Energetics of Ashwagandha

Understanding the energetics of ashwagandha helps you point towards its ideal usage. Ayurveda teaches that nothing is right for everyone, but everything can be right for someone. Even though ashwagandha is versatile, it may not be the best thing for everyone all the time.

Here’s the energetics of ashwagandha:

  • Rasa – Bitter, sweet, astringent
  • Virya – Hot
  • Vipaka – Sweet

“Rasa” indicates the initial taste of the herb upon ingestion. “Virya” describes whether an herb is warm, hot, or cool.

Meanwhile, “Vipaka” describes the post-digestive effect or the lingering effect an herb has on the body after ingestion. The warm, nourishing, and grounding nature of ashwagandha is perfect for people who tend to run cold, and are prone to fatigue and nervousness. For people with a warm constitution, ashwagandha can be combined with cooling herbs, such as licorice root, fennel seeds, and Shatavari root.

Ashwagandha is also a vital herb for people practicing yoga and meditation. Though it can boost libido, ashwagandha is used by yogis to transform their sexual energy as refined and subtle energy that gives rise to a sense of well-being, peace, contentment, and resiliency.

History of Ashwagandha

Ashwagandha’s history can be dated back around 6,000 BC, where it was mentioned in Ayurveda, the ancient Indian tradition of medicine.

In the Ayurveda, ashwagandha is used to remedy a wide range of health issues, including anxiety, arthritis, tumors, respiratory ailments, and more. However, modern medicine is looking at the potential for this herb to address issues related to cognition and memory. Furthermore, it’s an effective stress buster and helps with symptoms of stress and anxiety.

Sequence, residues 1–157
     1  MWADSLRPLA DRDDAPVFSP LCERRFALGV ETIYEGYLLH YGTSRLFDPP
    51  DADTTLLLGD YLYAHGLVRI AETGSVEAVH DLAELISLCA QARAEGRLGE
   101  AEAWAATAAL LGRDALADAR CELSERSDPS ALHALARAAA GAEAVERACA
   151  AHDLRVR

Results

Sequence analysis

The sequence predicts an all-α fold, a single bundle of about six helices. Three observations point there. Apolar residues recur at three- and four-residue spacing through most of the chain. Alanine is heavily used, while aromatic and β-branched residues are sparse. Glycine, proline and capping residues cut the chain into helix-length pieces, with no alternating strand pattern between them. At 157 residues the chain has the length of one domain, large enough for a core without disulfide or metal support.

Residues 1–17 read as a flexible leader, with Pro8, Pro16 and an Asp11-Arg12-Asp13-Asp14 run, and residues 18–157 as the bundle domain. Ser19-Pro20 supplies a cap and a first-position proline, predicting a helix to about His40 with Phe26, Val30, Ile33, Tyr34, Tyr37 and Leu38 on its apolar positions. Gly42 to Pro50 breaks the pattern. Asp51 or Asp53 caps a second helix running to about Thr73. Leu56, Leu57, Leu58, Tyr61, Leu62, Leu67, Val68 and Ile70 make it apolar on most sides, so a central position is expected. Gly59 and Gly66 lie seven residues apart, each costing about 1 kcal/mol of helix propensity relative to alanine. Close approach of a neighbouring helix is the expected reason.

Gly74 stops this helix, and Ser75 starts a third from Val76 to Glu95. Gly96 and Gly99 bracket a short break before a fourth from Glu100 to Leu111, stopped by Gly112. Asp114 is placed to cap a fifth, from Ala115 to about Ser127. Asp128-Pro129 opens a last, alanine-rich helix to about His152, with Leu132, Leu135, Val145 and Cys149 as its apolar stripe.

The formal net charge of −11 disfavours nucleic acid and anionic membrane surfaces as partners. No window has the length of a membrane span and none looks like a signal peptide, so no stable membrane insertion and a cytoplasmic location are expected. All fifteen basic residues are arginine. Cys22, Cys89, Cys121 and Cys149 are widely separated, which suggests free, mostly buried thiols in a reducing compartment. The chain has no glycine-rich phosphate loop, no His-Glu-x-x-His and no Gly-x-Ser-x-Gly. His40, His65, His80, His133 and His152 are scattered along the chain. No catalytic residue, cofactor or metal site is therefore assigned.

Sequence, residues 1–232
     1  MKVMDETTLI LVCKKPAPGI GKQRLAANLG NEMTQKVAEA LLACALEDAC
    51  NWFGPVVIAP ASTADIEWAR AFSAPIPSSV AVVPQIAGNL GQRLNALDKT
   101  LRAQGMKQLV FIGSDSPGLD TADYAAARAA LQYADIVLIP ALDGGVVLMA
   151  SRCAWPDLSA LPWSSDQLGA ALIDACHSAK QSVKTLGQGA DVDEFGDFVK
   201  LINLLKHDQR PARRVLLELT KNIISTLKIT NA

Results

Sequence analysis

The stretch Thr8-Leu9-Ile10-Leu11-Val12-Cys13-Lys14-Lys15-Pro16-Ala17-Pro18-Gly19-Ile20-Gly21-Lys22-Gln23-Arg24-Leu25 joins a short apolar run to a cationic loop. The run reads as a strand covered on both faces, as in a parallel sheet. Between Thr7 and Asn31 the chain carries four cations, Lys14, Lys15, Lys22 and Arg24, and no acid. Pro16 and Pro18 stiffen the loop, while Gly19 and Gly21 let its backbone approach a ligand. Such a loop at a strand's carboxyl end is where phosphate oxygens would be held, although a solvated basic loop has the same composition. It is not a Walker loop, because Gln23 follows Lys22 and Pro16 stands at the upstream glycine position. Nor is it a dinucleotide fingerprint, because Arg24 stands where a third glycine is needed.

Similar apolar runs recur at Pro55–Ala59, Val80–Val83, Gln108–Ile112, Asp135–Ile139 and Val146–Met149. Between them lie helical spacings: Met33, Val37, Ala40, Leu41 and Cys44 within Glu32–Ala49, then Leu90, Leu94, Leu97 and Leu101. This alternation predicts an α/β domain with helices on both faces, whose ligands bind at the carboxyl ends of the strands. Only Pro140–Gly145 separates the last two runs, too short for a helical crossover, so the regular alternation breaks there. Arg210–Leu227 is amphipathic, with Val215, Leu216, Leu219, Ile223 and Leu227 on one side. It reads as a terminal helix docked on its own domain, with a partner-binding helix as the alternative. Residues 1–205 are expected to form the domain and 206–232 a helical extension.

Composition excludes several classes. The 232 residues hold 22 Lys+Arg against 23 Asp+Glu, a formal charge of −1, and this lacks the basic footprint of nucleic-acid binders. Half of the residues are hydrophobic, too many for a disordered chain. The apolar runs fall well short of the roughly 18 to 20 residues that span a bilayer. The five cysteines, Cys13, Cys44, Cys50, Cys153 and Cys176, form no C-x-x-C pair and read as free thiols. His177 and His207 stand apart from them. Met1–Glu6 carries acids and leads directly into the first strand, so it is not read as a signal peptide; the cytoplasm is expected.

The translation of ashwagandha is the “smell and strength of a horse,” alluding to its traditional use to support a healthy sex drive. The name of the species, somnifera, means “sleep-inducing” in Latin. It is used for inducing sleepiness and drowsiness. In Sanskrit, the word means “horse,” and “gandha” means “smell.” The herb’s potent odor is reminiscent of horse sweat and urine.

This ashwagandha plant is native to the Indian subcontinent, specifically in dry areas of India, Sri Lanka, and Pakistan. It also grows in some parts of Africa and in temperate countries.

How to Take Ashwagandha

Ashwagandha is classically taken as a dried powder mixed in honey or ghee. In western countries, it’s ingested as a capsule. It’s inexpensive to buy ashwagandha in bulk as a dried powder, making it easy enough to keep on hand and incorporate in foods and beverages.

The best way to enjoy ashwagandha is by simmering it with warm, whole milk. If you avoid dairy, any non-dairy milk will do, as long as it’s fatty. Dairy and non-dairy milk with enough fat content can help deliver the herbs into the nervous system more entirely because the nervous system is lined with fat and responds well to fatty substances. Another way to induce ashwagandha is by adding the dried powder to food.

The typical dose for taking ashwagandha is 500 to 1,000 mg. For people suffering from anxiety and insomnia, drinking a cup of hot milk with a teaspoon of powdered ashwagandha or taking an ashwagandha capsule before bedtime can be beneficial. The optimal dose is 6,000 mg a day, split into three doses. The capsule must be taken with meals, and if taken once a day, it must be during the morning with breakfast.